side from earthquakes and floods, perhaps the biggest driver behind the “dynamic� option is, well, drivers. The past decade has been a bitter one for local car dealers thanks in large part to the economic downturn and pressure from manufacturers to relocate to locations that are visible from the freeway. The possibility of car dealerships leaving Palo Alto is far from hypothetical. In 2001, the city’s seven dealerships brought in $3.1 million in sales-tax revenues. The number dipped to $1.6 million in 2006 and to less than $1.3 million in 2010. By 2011, Ford and Nissan departed from their El Camino Real locations and Carlsen Porsche vacated its site on Embarcadero Road. The revenues remained under $1.3 million in fiscal year 2011, according to the city’s recent Comprehensive Annual Financial Report. When McLarenFisker last year set up a dealership on El Camino Real and Arastradero Road, it was a rare bit of good news after a decade of dramatic decline. Palo Alto officials have been trying to reverse the trend for years, and the Municipal Services Cen-

ter site, which practically rubs up against the freeway, has long been at the heart of discussions. Since 2006, city officials have been talking to auto dealers about a possible “land swap� that would give dealers the coveted location. Deputy City Manager Steve Emslie, who has been leading the discussions, said the dealers had mandates from manufacturers to move to freewayvisible locations — moves would have profound implications for their bottom lines (and, consequently, to the city’s bottom line through sales taxes). “If they got a site that was visible from the freeway, their sales would be expected to substantially increase — double or triple,� said Mark Michael, an Infrastructure Blue Ribbon Commission member who chaired a subcommittee charged with evaluating the Municipal Services Center site. When the recession hit in 2008, taking a bite out of auto sales, the mandates were relaxed and talks of a possible land swap were put on hold. But city officials remain concerned about the prospect of auto dealers leaving town and taking their sales-tax revenues with them. Conversations about a potential land swap are now resurfacing. “If we can’t accommodate them in Palo Alto, they can move up the road a bit and we would then lose all that benefit,� Emslie said. “It’s significant. It’s not unusual to get $500,000 per car dealer. A highperforming dealer, one with freeway visibility, can be $1 million-plus.� The commission acknowledged that finding a new 16-acre site for the Municipal Services Center could prove difficult, if not impossible. Aside from financial considerations, finding alternative sites for city operations remains the most perplexing piece of the puzzle. So the commission recommends (continued on next page)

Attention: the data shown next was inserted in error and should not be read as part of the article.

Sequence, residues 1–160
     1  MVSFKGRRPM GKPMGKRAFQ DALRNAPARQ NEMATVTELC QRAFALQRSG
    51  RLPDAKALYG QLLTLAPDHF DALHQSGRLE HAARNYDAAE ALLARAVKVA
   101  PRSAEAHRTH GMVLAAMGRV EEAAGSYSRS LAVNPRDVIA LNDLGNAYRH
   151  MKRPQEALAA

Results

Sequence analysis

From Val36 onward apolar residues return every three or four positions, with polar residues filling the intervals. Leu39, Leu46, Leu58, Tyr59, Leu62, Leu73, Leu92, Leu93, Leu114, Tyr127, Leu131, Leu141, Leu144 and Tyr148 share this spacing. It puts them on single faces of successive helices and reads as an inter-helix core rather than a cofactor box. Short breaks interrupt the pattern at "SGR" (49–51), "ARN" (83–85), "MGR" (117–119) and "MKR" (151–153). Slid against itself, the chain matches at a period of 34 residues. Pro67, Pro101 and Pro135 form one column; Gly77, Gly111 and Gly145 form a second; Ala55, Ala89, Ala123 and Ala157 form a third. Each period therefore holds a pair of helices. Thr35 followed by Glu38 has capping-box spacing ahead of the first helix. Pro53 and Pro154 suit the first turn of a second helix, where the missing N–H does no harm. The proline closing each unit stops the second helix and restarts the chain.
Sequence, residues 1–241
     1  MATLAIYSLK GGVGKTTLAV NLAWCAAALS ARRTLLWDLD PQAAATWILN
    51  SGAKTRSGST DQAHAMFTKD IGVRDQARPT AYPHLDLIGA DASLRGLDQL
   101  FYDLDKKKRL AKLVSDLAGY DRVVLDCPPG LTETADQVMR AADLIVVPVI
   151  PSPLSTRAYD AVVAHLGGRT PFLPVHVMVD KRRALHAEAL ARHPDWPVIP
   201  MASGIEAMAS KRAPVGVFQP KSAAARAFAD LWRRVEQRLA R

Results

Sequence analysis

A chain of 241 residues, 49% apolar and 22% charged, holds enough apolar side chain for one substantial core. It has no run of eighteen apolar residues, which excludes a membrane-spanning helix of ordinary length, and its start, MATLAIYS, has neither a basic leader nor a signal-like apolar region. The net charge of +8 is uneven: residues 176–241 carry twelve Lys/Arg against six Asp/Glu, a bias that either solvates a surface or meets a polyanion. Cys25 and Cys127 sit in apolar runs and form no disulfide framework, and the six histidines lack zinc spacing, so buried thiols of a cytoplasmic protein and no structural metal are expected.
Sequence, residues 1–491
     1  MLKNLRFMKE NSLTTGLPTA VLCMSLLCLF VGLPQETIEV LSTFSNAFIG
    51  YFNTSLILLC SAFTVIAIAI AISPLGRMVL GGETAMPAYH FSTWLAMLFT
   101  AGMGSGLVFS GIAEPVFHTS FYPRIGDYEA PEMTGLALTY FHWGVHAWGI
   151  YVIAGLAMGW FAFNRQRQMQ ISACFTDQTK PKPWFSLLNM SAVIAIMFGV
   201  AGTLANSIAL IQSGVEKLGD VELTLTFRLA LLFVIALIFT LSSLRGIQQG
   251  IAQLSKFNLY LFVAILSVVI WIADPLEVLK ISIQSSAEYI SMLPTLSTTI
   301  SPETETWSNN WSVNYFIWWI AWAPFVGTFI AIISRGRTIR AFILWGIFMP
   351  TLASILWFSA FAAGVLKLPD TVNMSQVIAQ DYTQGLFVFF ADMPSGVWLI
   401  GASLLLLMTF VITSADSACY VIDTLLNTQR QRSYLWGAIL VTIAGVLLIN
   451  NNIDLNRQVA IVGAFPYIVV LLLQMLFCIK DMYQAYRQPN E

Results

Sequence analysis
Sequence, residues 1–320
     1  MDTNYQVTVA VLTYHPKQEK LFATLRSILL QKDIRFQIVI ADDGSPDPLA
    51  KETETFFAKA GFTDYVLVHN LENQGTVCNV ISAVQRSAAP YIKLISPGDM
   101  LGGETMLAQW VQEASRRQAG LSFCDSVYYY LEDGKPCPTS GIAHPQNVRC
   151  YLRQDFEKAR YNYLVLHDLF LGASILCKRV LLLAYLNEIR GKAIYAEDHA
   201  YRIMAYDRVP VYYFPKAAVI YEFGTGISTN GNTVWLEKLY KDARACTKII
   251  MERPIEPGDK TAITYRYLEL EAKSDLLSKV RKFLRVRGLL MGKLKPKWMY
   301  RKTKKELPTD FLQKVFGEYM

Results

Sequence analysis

CITY OF PALO ALTO NOTICE OF DIRECTOR’S HEARING To be held at 1:00 p.m., Thursday, February 16, 2012, in the Palo Alto City Council Conference Room, 1st Floor, Civic Center, 250 Hamilton Avenue, Palo Alto, California. Go to the Development Center at 285 Hamilton Avenue to review ďŹ led documents; contact Alicia Spotwood for information regarding business hours at 650-617-3168.

Join us as we celebrate storytelling through art. By sharing their visions artists revere the past, reect the present and reveal the future.

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3775 La Selva [11PLN-00396] - Individual Review for the addition of a second oor side balcony with privacy screening side wall to a two-story residence and attached garage under construction in the R-1 zoning district. 599 Lytton Avenue 11PLN-00404: Preliminary Parcel Map to create four condominium units on a single approximately 9500 square foot parcel. Environmental Assessment: An Initial Study/ Negative Declaration was circulated and approved in October 2011 for the townhome project approved via the Architectural Review process. 959 Addison Avenue [11PLN-00387] - Individual Review for a new two-story, single family residence including modiďŹ cations to an existing cottage, in the R-1 zoning district. *** Curtis Williams, Director of Planning and Community Environment

Inspirations is a resource for ongoing religious services and special events. To inquire about or to reserve space in Inspirations, please contact Blanca Yoc at 223-6596 or email byoc@paweekly.com

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Palo Alto Weekly 02.10.2012 - section 1  

Section 1 of the February 10, 2012 edition of the Palo Alto Weekly